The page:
Some days burn rubber. By supper time I feel the skid marks dirtying up my soul. Clothes rumpled, makeup smudged, heavy sighs come in groups of threes.
Last night instead of falling on the couch to numb out with the remote or a book, I exchanged dinner dishes for walking shoes.
The sun was low and a warm autumn breeze blew quietly in the grass. The birds and insects chatted companionably as my feet crunched gravel. My ears rang with the leftover noise of the day.
I purposefully moseyed, forcing myself to, just for a few minutes….be.
Breathe in, breathe out. Breathe in, breathe out. It took but a few deep breaths until I noticed my body respond. Shoulders unclenched, headache subsided, a simple surrender.
The peace of the pasture reminded me I wasn’t in charge of the world. The hedgerow humbly testified that everything would eventually work out. The standing water in the creek reflected the truth that glory can be found in quiet places.
Evening grace showed up to mosey with me.
It whispered to let go of the day’s sharply spoken words. It invited me to lay down the background hum of hurry up. It put the breaks on my constant hunger for productivity. It reminded me that days are not limitless and only fools ignore the boundaries.
Evening grace asked permission to bookend the close of day.
Saying yes was the best decision. I felt cleaner, the day’s soul dirt rinsed away. I discovered that grace feels a lot like love, covering over a multitude of the day’s sins.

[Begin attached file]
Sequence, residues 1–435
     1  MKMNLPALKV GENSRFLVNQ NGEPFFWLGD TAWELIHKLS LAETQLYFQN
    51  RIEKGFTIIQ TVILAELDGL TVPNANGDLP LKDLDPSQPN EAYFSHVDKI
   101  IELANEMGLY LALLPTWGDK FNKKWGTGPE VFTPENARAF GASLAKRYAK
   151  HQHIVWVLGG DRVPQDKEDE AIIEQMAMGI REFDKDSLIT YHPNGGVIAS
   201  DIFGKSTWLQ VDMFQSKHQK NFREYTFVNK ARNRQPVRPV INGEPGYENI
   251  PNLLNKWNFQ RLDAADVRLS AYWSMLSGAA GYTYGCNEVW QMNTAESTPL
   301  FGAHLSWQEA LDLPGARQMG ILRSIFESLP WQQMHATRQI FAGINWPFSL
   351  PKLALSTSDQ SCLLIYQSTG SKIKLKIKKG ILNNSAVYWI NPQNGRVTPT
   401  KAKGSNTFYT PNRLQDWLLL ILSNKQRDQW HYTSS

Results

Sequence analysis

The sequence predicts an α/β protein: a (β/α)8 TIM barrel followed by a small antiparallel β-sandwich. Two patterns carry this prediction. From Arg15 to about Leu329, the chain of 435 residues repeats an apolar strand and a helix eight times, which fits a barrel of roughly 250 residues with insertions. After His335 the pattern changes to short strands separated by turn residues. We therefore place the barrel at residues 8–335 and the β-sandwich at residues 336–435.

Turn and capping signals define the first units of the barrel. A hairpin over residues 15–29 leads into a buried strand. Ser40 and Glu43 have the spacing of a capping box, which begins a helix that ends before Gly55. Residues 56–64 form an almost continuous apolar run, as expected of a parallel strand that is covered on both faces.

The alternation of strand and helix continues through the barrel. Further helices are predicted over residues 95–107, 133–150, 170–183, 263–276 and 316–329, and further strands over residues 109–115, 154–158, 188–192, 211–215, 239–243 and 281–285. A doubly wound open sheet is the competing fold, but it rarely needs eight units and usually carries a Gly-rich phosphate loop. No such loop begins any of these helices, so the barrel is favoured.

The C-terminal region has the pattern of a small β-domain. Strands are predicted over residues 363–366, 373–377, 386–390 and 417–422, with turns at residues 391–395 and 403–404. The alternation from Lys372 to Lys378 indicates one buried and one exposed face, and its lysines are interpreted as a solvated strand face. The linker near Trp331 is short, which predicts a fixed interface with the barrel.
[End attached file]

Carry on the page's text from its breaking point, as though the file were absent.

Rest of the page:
Hope may shine in the dark of morning, but grace arrives just in time for evening.
Wandering home I felt miraculously refreshed. The words of this melancholy hymn from childhood echoed through my thoughts:
Now the day is over,
Night is drawing nigh;
Shadows of the evening
Steal across the sky.
Jesus, give the weary
Calm and sweet repose;
With Thy tend’rest blessing
May mine eyelids close. (listen here…)
I am learning that paying attention to the natural rhythms of the day helps keep me in balance. Evening time is the point where I am most fed up with my own story. I’ve lost the glow of morning hope and the work of the day leaves me hyper aware of my humanity.
Life cries out for grace when you’re trying to cook dinner and manage homework and schedules and are still processing the good/bad/ugly parts of the day.
It’s why numbing out is so seductive. Stepping outside into the coming night for a few minutes may be the key to finishing the day strong.
How much evening grace have I missed by trying to wring the day dry? How better might my story be if I chose to chase the grace that awaits right outside my back door?